Strategic Default: The Next Chapter
Previously a fringe issue, strategic default is expected to take center stage of the foreclosure “epidemic” that continues to sweep the country. This is due to two primary factors:
The first is that more than 20 million mortgages will soon be underwater (the mortgage exceeds the current market price of the home); that’s 25% of the total. More worrisome is that 5 million of these will be underwater by more than 25%, which is a “critical” threshold as determined by analysts. Of course, there is a certain arbitrariness to this threshold, but the idea behind it is that at a certain point, the idea of owing more than your home is worth takes on a real significance as parity in the near-term becomes less of a hope and more of a dream.
Even assuming that starting today, home prices will start appreciating by 5% per year, that means it will be five whole years (10 for a borrower that made a 25% down-payment) before a borrower that is 25% underwater can get back to the starting point of the mortgage. When you consider that underwater borrowers are predominantly located in markets that also experienced the largest bubbles (i.e. Nevada, Florida, Arizona), even assuming 3% a year looks generous at that point. When you further consider that some of those borrowers are more than 50% underwater, the idea of waiting 20 years before they can get back to even can seem sisyphean. Purely in terms of the numbers, then, there is already a critical mass of borrowers for whom strategic default will be attractive.
The second factor driving strategic default is increasing attention by the (mainstream) media, which appears largely indifferent – sometimes cautiously supportive – of strategic default. At the beginning of the credit crisis, when default was seen as “legitimate” (there was no way many of those borrowers could make good on their mortgages under current circumstances), nobody made much attention to strategic default. Those that noticed it thought of it as “baffling” (in the words of Wachovia), and a handful of columnists ventured to call it irresponsible.
Since the release of the University of Arizona Professor Brent White’s paper on the subject, strategic foreclosure has gradually gained mainstream acceptance. Professor White examined the issue from the legal perspective, noting that contracts are frequently broken when one of the parties determines that it’s in his best interest (i.e. the benefits outweigh the costs) to do so. Public opinion, meanwhile, has focused more on the comparison with Wall Street, which behaved irresponsibly during the years leading up to the credit crisis, only to avoid collapse by being out by the government. To hold borrowers up to a higher standard, goes the argument, seems unfair.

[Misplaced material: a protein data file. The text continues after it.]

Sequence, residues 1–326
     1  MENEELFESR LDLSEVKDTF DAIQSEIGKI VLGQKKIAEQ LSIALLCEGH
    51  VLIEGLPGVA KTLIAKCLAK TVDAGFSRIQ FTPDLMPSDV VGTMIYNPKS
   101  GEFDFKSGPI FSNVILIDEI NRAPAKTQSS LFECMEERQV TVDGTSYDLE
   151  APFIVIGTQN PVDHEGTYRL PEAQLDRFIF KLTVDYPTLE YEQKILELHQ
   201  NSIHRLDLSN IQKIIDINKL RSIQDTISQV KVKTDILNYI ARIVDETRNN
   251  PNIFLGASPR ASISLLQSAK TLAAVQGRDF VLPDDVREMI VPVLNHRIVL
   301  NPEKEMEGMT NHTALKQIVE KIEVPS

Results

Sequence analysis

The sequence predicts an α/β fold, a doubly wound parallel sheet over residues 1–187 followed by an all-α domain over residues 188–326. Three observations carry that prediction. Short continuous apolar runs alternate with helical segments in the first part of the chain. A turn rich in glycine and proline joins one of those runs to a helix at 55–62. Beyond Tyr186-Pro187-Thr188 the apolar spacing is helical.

As I have argued in previous posts on the subject, for many people, it would indeed seem that the financial benefits outweigh the costs. In states where non-recourse loans are mandated, lenders are entitled to the home and nothing else in the event of foreclosure. In the majority of states, recourse loans are the norm, which means that a lender can technically sue for the difference in the event that a foreclosure sale turns up less than the value of the loan- though few lenders actually bother doing so. In addition, there are no tax consequences for the majority of defaulters, thanks to the Mortgage Forgiveness Debt Relief Act of 2007, which “applies to debt forgiven in calendar years 2007 through 2012. Up to $2 million of forgiven debt is eligible for this exclusion ($1 million if married filing separately).” The only costs then are those associated with moving, and the inability to borrow for the next few years due to a flattened credit score. For many defaulters, these costs pale in comparison to the immediate savings from renting a comparable property rather than making mortgage payments.
The main argument against foreclosure continues to be a moral one. But even this is somewhat flimsy, when you consider that the possibility of default is an inherent feature of mortgages (that’s why borrowers have to pay interest!). This is especially the case with non-recourse loans, where a study recently determined that borrowers unwittingly pay lenders an extra $800, when compared to recourse loans. In these states, then, strategic defaulters can perhaps rest assured that one way or another, they paid for the right to default.
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